Victoria Summerley: City Life

'If I paint my front door and windows in some fashionable toff tint, the burglars would be round like a shot'
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The first time I ever set eyes on our house, I thought it was the ugliest property I'd ever seen. Luckily, this impression only lasted until I got inside the front door, when I promptly changed my mind thanks to a large rear extension with huge glazed doors and a glimpse of exotic, jungly garden beyond.

But the façade was grim. Our house is a Thirties semi, with red brick to the first-floor level, then render painted a buttermilk-cream. Sounds OK, doesn't it? But the window frames, which are wide, Crittal-style metal jobs, are painted dark grey, the sort of stormy North Sea shade that would make a Royal Navy frigate feel quite at home.

Next door, which is a mirror image of our house, has conventional white paintwork, which looks fresh against the red brick and far more welcoming. Our house, in contrast, looks sullen and shuttered, especially as it has matching grey Venetian blinds at every window.

I assume the previous owners regarded this as achingly chic. Personally, I think it's horrible. I think grey looks horrible with red brick. I think it looks horrible when the weather's foul. It doesn't even look nice when the sun's shining. Even more irritating, I feel I'm being somehow old-fashioned by not liking it.

Some friends claim they like it, but I think they're just trying to be kind. I have tried to like it, but failed, partly because I can't quite get over the fogeyish impression that the grey is just the undercoat and that one day, someone will come and paint it all a more civilised colour. And now that day has come. Tomorrow, the decorators will arrive to enact the long-awaited transformation and eradicate every trace of grey from our abode.

Fashions change more slowly in exterior decoration than they do in the world of interiors, but over the decades, they have altered quite radically. When I was small, many of the Victorian and Edwardian houses in my neighbourhood had their bargeboards and window frames painted in dark colours such as maroon, pea-soup green, mustard, mud-brown or even black. Even as a child I found this depressing, especially when combined with dingy net curtains and funereal shrubs such as yew or privet in the front garden.

Gradually, this gave way to a universal taste for white paintwork, with perhaps a splash of colour or contrast on the front door: scarlet, yellow, purple or pink in the Sixties and Seventies, and sober black or navy in the Eighties and Nineties. Some maverick souls are brave enough to paint their exterior walls bright colours, too, but I always think this can look a bit self-consciously arty, unless you happen to live in Balamory.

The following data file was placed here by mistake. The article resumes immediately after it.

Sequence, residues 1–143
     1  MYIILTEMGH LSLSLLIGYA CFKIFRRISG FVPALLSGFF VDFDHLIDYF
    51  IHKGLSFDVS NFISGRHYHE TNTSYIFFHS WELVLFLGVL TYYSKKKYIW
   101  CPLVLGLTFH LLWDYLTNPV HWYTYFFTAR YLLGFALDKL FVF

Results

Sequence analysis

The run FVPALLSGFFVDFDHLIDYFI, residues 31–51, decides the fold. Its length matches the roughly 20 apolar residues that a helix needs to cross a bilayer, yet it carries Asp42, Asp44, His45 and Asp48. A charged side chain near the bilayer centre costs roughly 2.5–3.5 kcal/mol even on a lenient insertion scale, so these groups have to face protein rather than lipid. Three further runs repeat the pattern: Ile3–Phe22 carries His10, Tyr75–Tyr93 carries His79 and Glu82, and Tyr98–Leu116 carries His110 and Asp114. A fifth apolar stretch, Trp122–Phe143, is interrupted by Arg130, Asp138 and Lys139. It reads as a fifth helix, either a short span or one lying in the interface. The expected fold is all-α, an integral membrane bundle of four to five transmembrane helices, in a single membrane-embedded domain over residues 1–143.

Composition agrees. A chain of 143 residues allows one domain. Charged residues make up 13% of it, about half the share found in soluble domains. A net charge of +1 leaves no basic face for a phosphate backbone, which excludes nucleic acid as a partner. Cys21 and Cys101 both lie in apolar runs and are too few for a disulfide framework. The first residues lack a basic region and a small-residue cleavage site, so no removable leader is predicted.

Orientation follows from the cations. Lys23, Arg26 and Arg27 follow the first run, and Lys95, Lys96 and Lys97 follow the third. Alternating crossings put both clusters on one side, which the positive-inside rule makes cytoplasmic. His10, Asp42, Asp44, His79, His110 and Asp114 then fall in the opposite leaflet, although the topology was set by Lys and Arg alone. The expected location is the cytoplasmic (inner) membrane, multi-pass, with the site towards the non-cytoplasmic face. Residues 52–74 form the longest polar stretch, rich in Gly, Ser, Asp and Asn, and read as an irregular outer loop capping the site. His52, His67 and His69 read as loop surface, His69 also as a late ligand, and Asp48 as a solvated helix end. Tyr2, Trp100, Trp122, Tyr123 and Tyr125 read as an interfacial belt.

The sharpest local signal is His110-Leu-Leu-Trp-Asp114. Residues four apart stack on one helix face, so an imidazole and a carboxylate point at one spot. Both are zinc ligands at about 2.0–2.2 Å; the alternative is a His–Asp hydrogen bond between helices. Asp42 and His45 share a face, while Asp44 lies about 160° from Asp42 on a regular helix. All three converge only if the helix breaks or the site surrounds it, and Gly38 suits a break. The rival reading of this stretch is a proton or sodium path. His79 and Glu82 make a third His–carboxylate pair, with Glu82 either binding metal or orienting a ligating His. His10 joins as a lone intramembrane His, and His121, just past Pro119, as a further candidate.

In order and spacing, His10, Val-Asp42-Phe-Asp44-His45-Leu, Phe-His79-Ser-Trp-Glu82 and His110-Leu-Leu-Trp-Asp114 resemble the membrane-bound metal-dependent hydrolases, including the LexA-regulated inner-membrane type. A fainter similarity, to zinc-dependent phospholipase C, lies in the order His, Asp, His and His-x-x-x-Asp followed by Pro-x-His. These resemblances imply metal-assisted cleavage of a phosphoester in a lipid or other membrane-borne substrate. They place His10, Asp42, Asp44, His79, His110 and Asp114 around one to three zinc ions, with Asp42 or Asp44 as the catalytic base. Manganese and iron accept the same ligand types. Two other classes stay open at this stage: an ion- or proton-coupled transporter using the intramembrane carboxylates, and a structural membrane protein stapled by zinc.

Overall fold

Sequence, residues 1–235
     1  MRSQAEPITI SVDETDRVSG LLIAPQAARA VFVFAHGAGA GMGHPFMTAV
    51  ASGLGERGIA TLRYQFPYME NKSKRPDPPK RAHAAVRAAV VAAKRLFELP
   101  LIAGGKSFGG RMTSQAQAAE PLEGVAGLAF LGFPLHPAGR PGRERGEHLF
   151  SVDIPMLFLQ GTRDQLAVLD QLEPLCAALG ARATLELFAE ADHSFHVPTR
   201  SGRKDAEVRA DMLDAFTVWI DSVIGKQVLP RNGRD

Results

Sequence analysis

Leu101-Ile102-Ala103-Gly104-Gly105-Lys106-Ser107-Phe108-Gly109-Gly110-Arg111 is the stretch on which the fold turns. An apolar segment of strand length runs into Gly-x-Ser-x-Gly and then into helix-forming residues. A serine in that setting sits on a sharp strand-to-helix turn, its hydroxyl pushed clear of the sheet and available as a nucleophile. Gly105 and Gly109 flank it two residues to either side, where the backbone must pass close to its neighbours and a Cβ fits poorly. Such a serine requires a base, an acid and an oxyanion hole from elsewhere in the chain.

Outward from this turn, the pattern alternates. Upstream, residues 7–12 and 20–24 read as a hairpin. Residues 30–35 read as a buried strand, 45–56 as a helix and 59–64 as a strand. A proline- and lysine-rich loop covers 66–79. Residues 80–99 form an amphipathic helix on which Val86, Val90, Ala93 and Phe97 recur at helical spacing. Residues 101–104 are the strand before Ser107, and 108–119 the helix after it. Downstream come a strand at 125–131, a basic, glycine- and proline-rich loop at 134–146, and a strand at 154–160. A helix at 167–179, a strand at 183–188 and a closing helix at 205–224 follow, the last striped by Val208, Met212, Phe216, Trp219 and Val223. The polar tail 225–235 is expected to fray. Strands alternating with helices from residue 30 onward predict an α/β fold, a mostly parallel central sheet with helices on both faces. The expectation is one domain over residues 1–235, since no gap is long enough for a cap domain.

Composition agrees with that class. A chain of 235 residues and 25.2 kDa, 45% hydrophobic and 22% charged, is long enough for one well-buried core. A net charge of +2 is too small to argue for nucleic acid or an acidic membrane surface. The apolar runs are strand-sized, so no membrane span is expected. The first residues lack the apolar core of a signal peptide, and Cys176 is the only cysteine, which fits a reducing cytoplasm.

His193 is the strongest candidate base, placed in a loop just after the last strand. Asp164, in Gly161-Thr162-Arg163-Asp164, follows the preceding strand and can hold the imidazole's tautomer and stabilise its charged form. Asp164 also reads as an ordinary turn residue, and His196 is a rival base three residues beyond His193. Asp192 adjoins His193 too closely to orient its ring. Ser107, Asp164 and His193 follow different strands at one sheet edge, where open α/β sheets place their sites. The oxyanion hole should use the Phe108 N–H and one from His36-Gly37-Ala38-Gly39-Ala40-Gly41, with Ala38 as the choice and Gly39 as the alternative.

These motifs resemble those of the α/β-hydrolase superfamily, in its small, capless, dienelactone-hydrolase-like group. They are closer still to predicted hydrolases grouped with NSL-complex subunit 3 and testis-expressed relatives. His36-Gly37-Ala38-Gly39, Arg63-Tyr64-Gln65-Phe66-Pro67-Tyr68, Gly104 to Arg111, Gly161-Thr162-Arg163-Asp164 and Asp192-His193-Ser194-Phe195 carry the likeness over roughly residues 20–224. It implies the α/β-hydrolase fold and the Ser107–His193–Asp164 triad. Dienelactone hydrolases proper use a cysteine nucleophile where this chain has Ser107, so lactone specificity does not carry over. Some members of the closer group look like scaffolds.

These days, however, I've noticed that the white paintwork is giving way to grey. (It's only when you're pondering what colour to paint your house that you become aware what colour everybody else's house is.) Two other houses in my road have the battleship Potemkin look, while the very smart remodelled residences in the next road have what look like powder-coated steel window frames in a lovely shade that's not quite grey, not quite green and not quite beige.

If I could have replicated this subtle hue courtesy of Mr Dulux or Mr Sanderson, that would have been my ideal choice, too. But I'm not very good at paint colours and my chances of coming up with a successful match are about as slim as the West Indies winning the Third Test.

The greeny-greige must be available over the counter, however, because I've also noticed that the big posh Victorian houses in our neighbourhood are abandoning the black or navy gloss and painting their front doors this very same shade. It's probably made by Farrow & Ball and called some daft name like "City Bonus Beige" or "Filthy Lucre".

I'm going to stick with the white, though. It may be passé, but that may prove to be a bonus. The one good thing that could be said for the old dark grey was that I'm sure it deterred any potential burglar. They probably felt so sorry for me that they decided to try their luck elsewhere because, touch wood, so far we've escaped the attentions of any local tea leaf. Who knows; if I painted my window frames or door in something instantly recognisable as a toff tint, they'd be round before you could say quick-dry gloss.

What does BT stand for?

This column should have come to you courtesy of BT Broadband. Unfortunately, my broadband connection has been down for a whole five days, so I've had to resort to the electronic version of elastic bands and bits of string in order to file my copy

We've subscribed to BT Broadband for at least five years, loyal naive idiots that we are, without anything going wrong, so I think I might be forgiven for suspecting that the delay in sorting out the problem may be connected with the roll-out of BT Vision, which we have just had installed (and which, of course, is not currently working).

Have I been on to BT? Oh, yes. I've sat at the end of the telephone for hours this week, waiting for someone to "just check with the engineers", and whiling away the tedium by inventing phrases to suit the abbreviation BT. Big Trouble. Blasted Technology. Bugger This.

I've now come up with a totally new term – AGANFV. It stands for: "Anyone Got A Number For Virgin?"

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